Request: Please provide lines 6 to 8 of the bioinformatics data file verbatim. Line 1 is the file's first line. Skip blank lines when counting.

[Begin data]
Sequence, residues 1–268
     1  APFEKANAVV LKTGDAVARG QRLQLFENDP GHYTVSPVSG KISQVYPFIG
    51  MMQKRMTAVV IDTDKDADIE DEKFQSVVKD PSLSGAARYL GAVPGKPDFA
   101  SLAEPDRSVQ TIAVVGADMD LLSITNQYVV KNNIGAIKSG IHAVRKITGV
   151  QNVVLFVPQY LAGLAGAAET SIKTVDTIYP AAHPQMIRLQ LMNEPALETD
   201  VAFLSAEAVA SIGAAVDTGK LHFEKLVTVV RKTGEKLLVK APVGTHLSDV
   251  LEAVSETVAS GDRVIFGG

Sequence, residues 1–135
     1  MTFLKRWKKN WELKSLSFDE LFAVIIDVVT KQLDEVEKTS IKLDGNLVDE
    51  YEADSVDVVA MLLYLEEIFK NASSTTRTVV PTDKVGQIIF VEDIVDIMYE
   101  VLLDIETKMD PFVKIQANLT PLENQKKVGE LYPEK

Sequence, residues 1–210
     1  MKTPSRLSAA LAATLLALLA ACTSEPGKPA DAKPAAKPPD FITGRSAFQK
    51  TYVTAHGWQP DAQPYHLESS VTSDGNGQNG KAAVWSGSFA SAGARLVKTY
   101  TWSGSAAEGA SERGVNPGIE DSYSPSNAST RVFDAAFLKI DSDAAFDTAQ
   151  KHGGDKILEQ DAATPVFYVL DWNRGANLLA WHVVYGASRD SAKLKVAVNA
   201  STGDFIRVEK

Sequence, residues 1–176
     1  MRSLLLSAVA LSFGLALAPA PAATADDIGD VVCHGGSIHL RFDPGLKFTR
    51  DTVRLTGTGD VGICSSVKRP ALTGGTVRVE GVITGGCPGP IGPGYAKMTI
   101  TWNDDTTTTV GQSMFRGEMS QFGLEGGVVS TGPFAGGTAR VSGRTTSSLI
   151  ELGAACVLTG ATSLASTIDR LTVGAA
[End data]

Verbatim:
   201  VAFLSAEAVA SIGAAVDTGK LHFEKLVTVV RKTGEKLLVK APVGTHLSDV
   251  LEAVSETVAS GDRVIFGG

Sequence, residues 1–135